By Sean Cavanagh
New Mexico has been granted a waiver under the No Child Left Behind Act, federal officials announced today, less than a week after the state was the only first-round applicant for flexibility under the law to have been denied that request.
In one sense, the announcement making New Mexico the 11th state to receive a waiver should not come as a major surprise.
U.S. Secretary of Education Arne Duncan had said last week that New Mexico was "very, very close" to securing a waiver, at the time he announced that the other 10 had been given that flexibility. Duncan was guarded about which aspects of the state's plan needed work, but New Mexico officials evidently have met those standards.
Of the first 10 states, three—Florida, Georgia, and Oklahoma—were given waivers on a "conditional" basis, meaning the Obama administration is requiring them to meet certain standards before they're granted leeway under the decade-old federal law.
But New Mexico's waiver approval is not conditional, a U.S. Department of Education official tells Education Week.
The other states that have secured waivers so far are: Colorado, Indiana, Kentucky, Massachusetts, Minnesota, New Jersey, and Tennessee. The next deadline for states to apply for NCLB flexibility is Feb. 28, and federal officials have said they will accept other applications throughout the rest of the year.
Duncan, in a statement, emphasized that he expects state officials, including Republican Gov. Susana Martinez, to seek cooperation of teachers and lawmakers from both parties, in implementing the plan.
"Today, New Mexico joins the ranks of states leading the charge on education reform by protecting children, raising standards and holding themselves accountable," Duncan said. "As New Mexico implements these reforms, it is important that all stakeholders are at the table and their voices are heard. We encourage the governor and her team to work closely and in a bipartisan manner with the legislature, and to fully include educators, community, and tribal leaders and parents in the process of advancing these reforms."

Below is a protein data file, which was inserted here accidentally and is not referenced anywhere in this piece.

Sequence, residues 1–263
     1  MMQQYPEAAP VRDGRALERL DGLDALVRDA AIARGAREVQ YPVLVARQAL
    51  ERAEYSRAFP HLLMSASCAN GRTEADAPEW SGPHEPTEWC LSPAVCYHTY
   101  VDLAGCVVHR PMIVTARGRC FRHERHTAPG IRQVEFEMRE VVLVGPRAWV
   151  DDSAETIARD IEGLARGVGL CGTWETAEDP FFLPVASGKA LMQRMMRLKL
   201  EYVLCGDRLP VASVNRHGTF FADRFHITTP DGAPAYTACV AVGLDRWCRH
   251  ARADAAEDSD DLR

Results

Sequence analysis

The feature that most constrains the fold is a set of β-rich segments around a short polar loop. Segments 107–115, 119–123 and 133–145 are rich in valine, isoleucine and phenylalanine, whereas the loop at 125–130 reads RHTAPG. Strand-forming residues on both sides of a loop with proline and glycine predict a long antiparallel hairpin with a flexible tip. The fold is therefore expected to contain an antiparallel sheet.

New Mexico will move to an accountability system that "recognizes and rewards high-performing schools and those that are making significant gains, while targeting rigorous and comprehensive interventions for the lowest-performing schools," the Department of Education said.
Duncan has predicted that states obtaining waivers will hold more students accountable for academic gains than they do under the current version of NCLB—and department officials said they see the same benefits coming out of New Mexico's waiver plan.
New Mexico officials have estimated that their new accountabilty system "will include 175 more schools and 20,000 more students," than are currently counted under the NCLB law, according to federal officials.
[UPDATE (Feb. 16): Hanna Skandera, New Mexico's secretary-designate of education, attributed the state initially not being granted a waiver to federal officials' concerns about the state's slow pace in implementing the common-core standards, and to worries about its plans for working with schools that struggle academically.
"They wanted us to talk through with them, 'How are you going to work with schools on closing the achievement gap?'" Skandera said. Federal officials also wanted proof of a "plan of intervention for schools that have large achievement gaps."
Skandera also told Education Week that other states have more experience than New Mexico in implementing the policies promoted by the Obama administration through the waivers, and that the state is making progress in that area.
"We had a long way to go when we turned in our application," she said. "This was our first year in the reform trenches. ... This is a great day for the state of New Mexico."]